We also re-use almost all of our bottles, filling in for those bottles we give away with commercial bottles that we sanitize and re-use after drinking the contents. It does make storage interesting, especially with cases stacked everywhere. But Michael has cut down a couple pallets to make putting the cases of aging wine in the two-foot high crawl space under our house – probably our best option for temperature control, as well, in our Southern California heat.
If you own your home, it’s a lot easier to install shelving in a closet or garage, but those who rent can’t always. Renters also face another concern – spillage and the possibility of wine stains causing them to lose their cleaning deposit.
“I was worried about the heat, worried about spilling on the floor, worried about the smell, worried that I could legally do it or not,” Wasserman said about his prior rented home, adding that he wasn’t sure his landlord would be okay with winemaking. “But, basically, I did it for three years and I made sure to clean up after I was done and when I left, I left it clean.”
McAteer owns his house, but still doesn’t want stains all over his home. He said he bottles and racks in his kitchen, where there’s tile, and puts a towel down to catch spills. Arbacus uses plastic carboys and carboy handles to prevent spillage from a shattering carboy. There are still dark stains on our living room floor from the last time a carboy broke during malolactic fermentation.
Good organization is also key to keeping a small space workable. “It really is more efficient to have that organization,” Wasserman said, adding that in his current space, he has shelving and “a home for everything.”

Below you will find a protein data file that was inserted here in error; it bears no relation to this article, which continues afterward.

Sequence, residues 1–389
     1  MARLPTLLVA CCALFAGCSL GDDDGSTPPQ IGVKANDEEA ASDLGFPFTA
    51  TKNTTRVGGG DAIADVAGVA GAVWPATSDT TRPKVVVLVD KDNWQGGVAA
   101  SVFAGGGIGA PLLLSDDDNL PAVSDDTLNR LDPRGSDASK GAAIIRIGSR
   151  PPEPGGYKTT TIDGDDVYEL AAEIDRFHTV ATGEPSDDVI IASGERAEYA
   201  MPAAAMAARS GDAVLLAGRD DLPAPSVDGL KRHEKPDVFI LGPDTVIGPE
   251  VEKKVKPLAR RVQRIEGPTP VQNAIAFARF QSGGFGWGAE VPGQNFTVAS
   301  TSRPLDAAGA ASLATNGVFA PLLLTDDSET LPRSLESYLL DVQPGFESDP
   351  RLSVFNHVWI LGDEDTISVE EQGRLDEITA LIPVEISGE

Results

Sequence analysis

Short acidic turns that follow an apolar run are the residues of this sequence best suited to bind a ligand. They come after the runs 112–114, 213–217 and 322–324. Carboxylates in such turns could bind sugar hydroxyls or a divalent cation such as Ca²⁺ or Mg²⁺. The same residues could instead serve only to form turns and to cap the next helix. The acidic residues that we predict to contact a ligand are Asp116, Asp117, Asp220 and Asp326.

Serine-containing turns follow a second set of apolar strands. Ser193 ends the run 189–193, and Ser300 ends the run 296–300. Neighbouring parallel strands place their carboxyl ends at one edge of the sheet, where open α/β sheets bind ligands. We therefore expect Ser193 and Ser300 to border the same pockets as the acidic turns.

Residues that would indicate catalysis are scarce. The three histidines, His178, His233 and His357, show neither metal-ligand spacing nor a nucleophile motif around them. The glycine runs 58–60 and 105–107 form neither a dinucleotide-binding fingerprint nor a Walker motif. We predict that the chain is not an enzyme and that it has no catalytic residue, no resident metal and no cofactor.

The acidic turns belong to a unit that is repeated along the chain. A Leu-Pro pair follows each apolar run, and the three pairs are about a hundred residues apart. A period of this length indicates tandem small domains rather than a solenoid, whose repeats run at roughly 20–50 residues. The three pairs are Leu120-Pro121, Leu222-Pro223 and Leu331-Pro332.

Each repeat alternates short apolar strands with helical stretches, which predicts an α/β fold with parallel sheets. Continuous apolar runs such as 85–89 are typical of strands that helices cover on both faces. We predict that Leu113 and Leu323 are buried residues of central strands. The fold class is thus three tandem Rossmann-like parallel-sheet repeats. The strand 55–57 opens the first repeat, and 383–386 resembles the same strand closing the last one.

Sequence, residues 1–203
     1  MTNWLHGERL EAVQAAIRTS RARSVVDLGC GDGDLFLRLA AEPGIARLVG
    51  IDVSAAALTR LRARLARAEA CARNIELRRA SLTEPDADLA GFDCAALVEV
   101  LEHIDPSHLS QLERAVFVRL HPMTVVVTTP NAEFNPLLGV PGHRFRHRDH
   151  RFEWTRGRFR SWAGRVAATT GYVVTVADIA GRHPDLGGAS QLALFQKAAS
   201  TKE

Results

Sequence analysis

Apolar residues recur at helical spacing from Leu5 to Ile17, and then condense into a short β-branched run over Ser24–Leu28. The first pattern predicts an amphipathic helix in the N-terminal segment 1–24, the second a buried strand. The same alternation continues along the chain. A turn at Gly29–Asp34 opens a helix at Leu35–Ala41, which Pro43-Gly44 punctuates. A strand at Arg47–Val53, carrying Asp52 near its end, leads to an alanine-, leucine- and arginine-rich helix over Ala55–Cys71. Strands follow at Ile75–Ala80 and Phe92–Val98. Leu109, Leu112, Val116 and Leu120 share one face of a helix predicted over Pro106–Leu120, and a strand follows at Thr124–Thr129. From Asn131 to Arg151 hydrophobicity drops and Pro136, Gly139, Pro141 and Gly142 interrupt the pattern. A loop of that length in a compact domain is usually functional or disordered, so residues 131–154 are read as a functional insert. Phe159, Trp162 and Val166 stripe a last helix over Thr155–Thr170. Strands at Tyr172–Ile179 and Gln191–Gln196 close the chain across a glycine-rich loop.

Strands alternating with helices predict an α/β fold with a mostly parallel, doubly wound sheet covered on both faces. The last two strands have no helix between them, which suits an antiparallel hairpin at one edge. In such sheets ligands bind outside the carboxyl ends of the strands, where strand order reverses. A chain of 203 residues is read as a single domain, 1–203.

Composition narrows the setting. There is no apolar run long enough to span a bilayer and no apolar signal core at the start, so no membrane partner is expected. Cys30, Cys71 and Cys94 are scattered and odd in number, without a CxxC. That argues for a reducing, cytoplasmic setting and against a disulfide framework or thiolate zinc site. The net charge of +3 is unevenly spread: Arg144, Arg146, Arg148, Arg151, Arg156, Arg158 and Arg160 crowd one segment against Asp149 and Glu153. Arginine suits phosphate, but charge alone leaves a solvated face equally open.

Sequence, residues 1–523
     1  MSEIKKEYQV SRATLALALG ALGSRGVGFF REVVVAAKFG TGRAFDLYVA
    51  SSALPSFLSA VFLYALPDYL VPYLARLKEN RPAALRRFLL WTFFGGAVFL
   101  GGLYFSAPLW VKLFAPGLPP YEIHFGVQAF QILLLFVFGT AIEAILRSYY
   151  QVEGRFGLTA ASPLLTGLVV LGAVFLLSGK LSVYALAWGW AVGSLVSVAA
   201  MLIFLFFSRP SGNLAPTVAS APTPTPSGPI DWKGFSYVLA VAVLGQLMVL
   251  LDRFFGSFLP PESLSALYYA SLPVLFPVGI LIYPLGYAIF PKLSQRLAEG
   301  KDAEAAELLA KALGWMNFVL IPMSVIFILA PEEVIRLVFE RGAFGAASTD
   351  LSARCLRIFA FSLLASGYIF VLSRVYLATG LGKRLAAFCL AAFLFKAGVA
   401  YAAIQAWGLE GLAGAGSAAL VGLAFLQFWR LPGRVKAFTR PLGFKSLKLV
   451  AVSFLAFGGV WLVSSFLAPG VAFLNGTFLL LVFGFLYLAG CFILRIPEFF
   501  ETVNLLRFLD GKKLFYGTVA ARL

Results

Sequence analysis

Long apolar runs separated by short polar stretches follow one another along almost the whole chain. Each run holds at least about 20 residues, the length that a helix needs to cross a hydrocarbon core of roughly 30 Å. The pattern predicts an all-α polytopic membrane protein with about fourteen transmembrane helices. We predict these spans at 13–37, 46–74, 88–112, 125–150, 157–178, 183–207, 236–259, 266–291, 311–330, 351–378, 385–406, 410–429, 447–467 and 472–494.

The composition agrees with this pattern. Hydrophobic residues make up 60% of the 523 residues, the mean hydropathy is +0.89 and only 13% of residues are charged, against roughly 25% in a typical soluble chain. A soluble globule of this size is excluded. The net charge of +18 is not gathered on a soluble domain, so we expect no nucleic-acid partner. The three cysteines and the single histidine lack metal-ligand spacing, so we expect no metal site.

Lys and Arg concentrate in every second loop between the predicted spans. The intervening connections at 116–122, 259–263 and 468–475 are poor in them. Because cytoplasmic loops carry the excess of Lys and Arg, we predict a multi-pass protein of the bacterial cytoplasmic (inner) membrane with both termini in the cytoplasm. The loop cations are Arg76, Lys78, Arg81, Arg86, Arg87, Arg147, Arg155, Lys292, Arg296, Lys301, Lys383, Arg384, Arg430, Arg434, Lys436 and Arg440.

“You plan out your day and make sure you have everything ahead of time,” said McAteer. “It’s really important to be sure you have everything ahead of time and make sure it’s sanitized ahead of time.”
Our winery is probably one of the best organized spaces on the property, except for our kitchen. It makes moving around a small space easier, as well.
And some operations simply have to be done elsewhere. Chalfon may do the actual racking in her crawl space, but one of her group is usually running carboys back and forth between the garage and the kitchen to clean them. Michael will often bottle in the kitchen. Grapes are pressed on the patio (we are blessed with a good-sized yard). And fermenters go wherever there is sufficient shade, preferably the front section of the garage, but sometimes the western side of the house (which gets very little sun thanks to neighboring trees) gets a line up
Still, some people, like McAteer, find it hard to make room for even a bucket or a carboy and may decide to find other options. Working with friends or a wine club can help a lot, even if you do most of the work at home. Chalfan belongs to a club and says that she doesn’t need to store a lot of the heavier equipment because she checks out presses and other such equipment from the club’s stores. McAteer is going to join a group of friends who all work together each spring and fall on a single large load of about 600 pounds of grapes.
“If you’re going to put in the effort you may as well make a lot of it,” McAteer said. “If you have a lot of people, then everybody gets 10 cases of wine.”
Another option is to go to a U-Vint or shop that specializes in providing the space and equipment to make wine, such as The Bacchus Winemaking Club, in Toms River, New Jersey.
“Essentially, we keep the mess out of your house,” said Shawn Hatton, general manager of the club.
But whether you ferment in a closet, or as we do, store your wine press on your coffee table as part of your décor, you can make wine in tight spaces. It just takes a little creativity and a lot of passion.
“If it’s a passion, you do whatever it takes,” Arbacus said of the predicament. “You make the space.”
You make the space even if it means seven carboys lined up in the living room so that they can finish malolactic fermentation. Or stepping around a hot box in a crawl space. Or a tiny space at the back of a garage. Because it’s worth it.[/expand]